Mayor’s Message: Kobe Bryant’s death reminds us that tomorrow isn’t promised

This week's message: Mayor Lou Manzo shares a life lesson after the tragic death of Kobe Bryant, his daughter Gianna and the seven others passengers.

The tragic death of Kobe Bryant and his daughter, Gianna, along with seven others has been impactful. It has touched people all over the world, with the epicenter being in Los Angles where Kobe spent his remarkable 20-year career with the Los Angeles Lakers. We have all seen the media reports showing thousand of people gathering at the Staples Center, which has been turned into a shrine for Kobe and Gianna. It is known as “The House that Kobe Built” since it opened in 1999 as Kobe’s career was just beginning to blossom (he was drafted in 1996).

But Kobe Bryant holds a special place in the heart of the greater Philadelphia region also. Though we loved to hate his talent as an adversary to our Sixers, Kobe was a Philadelphian. His father, Joe “Jellybean” Bryant was born here and attended John Bartram High School and LaSalle University. Kobe is one of the greatest to ever play the game, but his dad was no slouch either. After a stellar college career, he was a first-round draft pick in the NBA, playing nine seasons including a stint with the 76ers from 1975-79. He was on the team with Julius Erving, Doug Collins and George McGinnis that lost in the Finals to the Portland Trailblazers in 1977. They should have won that series! Some of you will remember the “Philadelphia, We Owe You One!” commercials the following year.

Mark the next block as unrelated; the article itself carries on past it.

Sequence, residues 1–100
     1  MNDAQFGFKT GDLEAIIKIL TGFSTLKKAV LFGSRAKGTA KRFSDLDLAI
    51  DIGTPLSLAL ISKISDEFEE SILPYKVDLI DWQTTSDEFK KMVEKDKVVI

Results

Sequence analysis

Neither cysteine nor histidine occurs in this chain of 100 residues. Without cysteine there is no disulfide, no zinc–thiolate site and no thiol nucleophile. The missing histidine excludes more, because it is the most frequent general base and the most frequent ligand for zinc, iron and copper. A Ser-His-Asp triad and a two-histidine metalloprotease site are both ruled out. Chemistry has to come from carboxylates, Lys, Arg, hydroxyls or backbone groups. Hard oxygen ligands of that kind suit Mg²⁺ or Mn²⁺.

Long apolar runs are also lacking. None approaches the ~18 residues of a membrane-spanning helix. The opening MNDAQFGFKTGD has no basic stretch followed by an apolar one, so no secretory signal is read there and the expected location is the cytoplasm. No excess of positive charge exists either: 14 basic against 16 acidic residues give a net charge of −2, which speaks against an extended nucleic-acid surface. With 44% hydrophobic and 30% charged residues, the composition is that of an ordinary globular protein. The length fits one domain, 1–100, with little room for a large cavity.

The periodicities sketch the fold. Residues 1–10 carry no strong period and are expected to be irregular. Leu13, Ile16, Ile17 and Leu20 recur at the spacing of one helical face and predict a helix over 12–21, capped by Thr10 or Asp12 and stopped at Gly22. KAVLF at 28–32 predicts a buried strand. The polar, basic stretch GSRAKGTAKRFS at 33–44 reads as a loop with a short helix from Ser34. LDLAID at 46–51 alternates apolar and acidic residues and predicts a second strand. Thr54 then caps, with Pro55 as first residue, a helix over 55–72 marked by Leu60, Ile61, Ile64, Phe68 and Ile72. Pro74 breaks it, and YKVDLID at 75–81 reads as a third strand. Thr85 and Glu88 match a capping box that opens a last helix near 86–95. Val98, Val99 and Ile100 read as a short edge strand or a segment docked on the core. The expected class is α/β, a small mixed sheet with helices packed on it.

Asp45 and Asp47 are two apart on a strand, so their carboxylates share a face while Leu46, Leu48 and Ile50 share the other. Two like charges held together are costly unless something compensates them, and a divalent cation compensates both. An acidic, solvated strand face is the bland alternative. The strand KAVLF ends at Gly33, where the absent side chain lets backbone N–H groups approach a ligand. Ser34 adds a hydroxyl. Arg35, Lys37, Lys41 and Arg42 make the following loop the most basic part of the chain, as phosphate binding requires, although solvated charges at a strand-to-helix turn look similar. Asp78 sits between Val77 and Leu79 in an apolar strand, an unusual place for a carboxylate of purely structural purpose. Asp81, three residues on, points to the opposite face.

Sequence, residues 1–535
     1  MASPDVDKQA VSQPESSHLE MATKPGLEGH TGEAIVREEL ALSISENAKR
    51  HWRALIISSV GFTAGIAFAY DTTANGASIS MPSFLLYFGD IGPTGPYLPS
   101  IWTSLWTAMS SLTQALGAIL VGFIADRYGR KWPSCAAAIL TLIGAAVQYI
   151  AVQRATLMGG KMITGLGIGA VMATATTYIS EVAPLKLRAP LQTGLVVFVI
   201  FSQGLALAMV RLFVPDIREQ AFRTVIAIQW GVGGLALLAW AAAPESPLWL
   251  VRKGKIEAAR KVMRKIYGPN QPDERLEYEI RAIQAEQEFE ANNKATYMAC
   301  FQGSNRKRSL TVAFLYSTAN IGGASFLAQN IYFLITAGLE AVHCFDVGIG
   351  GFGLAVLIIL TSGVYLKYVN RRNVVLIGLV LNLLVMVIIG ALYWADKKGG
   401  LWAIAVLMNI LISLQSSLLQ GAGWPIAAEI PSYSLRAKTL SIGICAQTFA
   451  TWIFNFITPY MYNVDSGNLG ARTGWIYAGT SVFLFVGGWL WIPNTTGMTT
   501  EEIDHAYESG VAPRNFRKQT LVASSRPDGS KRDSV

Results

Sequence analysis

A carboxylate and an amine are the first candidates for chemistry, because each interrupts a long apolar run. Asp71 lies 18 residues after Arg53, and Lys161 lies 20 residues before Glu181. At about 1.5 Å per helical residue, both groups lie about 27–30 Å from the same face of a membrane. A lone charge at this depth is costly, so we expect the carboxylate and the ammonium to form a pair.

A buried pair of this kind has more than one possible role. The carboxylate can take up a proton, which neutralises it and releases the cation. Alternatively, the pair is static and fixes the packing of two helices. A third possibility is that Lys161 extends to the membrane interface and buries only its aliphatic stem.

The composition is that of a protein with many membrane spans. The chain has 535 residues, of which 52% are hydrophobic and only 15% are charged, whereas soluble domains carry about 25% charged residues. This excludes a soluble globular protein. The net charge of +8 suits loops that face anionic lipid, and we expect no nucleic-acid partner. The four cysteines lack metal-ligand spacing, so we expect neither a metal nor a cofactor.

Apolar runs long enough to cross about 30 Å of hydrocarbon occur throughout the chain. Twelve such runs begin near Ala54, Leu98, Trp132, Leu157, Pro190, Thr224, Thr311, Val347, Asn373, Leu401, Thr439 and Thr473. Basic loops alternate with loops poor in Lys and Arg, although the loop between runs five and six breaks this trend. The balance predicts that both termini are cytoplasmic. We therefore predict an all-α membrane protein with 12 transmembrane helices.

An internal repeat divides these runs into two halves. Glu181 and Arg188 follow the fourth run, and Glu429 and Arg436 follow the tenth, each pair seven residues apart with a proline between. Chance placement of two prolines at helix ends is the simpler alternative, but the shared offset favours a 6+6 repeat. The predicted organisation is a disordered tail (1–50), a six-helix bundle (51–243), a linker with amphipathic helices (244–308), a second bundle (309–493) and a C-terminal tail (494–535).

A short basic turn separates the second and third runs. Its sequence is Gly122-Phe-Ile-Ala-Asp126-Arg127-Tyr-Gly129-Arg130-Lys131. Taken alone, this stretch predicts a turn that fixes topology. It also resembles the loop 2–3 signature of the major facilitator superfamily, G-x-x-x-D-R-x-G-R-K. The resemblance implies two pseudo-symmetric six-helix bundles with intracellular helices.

Kobe was born in Philadelphia too, in 1978, during Joe’s stint with the Sixers. And after continuing his post-NBA career playing in Italy, Joe settled his family back in the Philadelphia area in 1992 as Kobe was entering high school. Kobe’s basketball career at Lower Merion High School is legendary, breaking scoring records for Southeastern Pennsylvania (more than Wilt Chamberlin) and culminating in a PA State Championship in his senior year. He was universally recognized as a generational talent and was drafted into the NBA right out of high school as the 13th overall pick in the 1996 NBA Draft.

Kobe clearly lived up to these high expectations. His list of accomplishments and accolades in the NBA are well documented. They include five NBA Championships, two Finals MVP awards, one League MVP award, 18-time All-Star, 4-time All-Star Game MVP, Slam Dunk Champion and two Olympic Gold Medals, to name a few. These achievements on a basketball court speak for themselves. In his immediate post-basketball career, he authored a poem and short animated film titled “Dear Basketball,” for which he won an Academy Award in 2018, illustrating the depth of his human spirit.

But the dominating reaction to this helicopter crash that took nine lives, including Kobe and his 13-year-old daughter, Gianna, has little to do with his basketball prowess. It’s about cherishing every minute of our lives and every person in it. We are reminded that tomorrow isn’t promised to any of us. Watching Shaquille O’Neal cry like a baby saying “I just wish I could say one last thing to him” is gut-wrenching. So, hug your child or spouse today and tell them you love them. Call the friend or sibling you’ve been estranged from for too long over something stupid. Your chance to do it tomorrow may not come.